British supermarkets are reacting to mounting fears over trans fats in foods, pledging to remove them from own branded products by the end of the year.
Sainsbury's got the ball rolling in August, announcing the removal of trans fats by 1 January 2007. Marks and Spencer have already eliminated them and Asda will follow suit by spring next year. Tesco will complete the process by the end of the year, a spokesperson told FoodanddrinkEurope.
Waitrose are set to follow suit by the close of the year. "This cut off date underlines our commitment to improving the nutritional profile of our products", said Moira Howie, nutritionist at Waitrose.
Trans fats first came into the public eye when Kraft had to reformulate its Oreo cookies after a lawsuit against trans fat levels in 2003. As a result trans fats have had a higher public profile and food retailers now have to react to growing consumer trends towards health.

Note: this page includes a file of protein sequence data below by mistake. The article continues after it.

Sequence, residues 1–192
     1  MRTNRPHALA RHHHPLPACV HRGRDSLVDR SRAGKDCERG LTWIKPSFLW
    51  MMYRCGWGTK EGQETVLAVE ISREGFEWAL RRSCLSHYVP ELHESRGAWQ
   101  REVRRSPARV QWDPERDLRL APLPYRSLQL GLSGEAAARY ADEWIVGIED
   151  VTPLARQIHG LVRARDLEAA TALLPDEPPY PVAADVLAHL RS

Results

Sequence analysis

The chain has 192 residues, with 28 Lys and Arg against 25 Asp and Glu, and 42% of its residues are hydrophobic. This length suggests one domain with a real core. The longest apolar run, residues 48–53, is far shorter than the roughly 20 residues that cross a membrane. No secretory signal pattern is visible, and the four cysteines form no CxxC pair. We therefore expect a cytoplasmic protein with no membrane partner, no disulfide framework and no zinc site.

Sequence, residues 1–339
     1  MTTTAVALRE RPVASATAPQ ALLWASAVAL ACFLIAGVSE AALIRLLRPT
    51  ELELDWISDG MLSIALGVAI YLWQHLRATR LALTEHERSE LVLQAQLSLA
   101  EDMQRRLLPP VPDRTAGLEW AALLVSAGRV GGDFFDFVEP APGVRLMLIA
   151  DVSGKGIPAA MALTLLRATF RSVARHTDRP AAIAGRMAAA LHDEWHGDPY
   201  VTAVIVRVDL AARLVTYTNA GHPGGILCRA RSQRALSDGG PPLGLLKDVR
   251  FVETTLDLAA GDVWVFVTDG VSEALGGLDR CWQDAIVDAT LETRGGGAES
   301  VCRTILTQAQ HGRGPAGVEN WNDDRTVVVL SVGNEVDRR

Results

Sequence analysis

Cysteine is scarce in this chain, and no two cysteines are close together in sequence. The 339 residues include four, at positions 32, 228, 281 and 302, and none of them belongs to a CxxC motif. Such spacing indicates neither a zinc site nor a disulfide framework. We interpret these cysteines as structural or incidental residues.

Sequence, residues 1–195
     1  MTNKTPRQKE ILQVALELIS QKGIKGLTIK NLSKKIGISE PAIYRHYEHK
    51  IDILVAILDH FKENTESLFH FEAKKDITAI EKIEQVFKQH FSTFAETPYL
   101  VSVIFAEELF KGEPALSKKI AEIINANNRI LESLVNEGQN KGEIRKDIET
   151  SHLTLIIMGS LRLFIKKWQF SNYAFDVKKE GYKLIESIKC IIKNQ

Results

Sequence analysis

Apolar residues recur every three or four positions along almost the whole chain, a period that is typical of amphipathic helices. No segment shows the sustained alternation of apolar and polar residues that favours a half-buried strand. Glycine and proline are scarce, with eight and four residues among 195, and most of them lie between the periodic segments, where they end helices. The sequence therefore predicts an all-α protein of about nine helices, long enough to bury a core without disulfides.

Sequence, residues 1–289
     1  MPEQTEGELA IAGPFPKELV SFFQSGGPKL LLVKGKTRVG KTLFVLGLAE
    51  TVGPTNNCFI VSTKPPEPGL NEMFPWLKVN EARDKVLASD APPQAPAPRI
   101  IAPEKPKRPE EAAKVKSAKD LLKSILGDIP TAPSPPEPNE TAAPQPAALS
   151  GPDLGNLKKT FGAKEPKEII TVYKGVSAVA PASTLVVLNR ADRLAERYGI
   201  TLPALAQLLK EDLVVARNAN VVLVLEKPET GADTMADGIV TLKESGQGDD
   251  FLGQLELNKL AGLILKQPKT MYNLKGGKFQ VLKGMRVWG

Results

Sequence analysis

KFC is the latest retailer to announce plans to axe the use of trans fats, altering its 50 year old Colonel Sanders' 50 year fried recipe, in cooking in all of its US restaurants. The fast food chain has not confirmed a date for the removal in its UK branches.
"KFC UK is committed to removing trans fats from all its products. KFC UK has been actively been working on an alternative cooking oil. We are in the final stages of consumer acceptance testing which, if successful, would lead to a roll out as soon as possible," said a spokeswoman for KFC UK.
Trans fatty acids - also known as trans fats - are formed when liquid vegetable oils are partially hydrogenated or 'hardened' for use as spreads such as margarine, cooking fats for deep frying and shortening for baking. Foods high in trans or saturated fatty acids increase blood cholesterol levels, thereby increasing the risk of heart disease.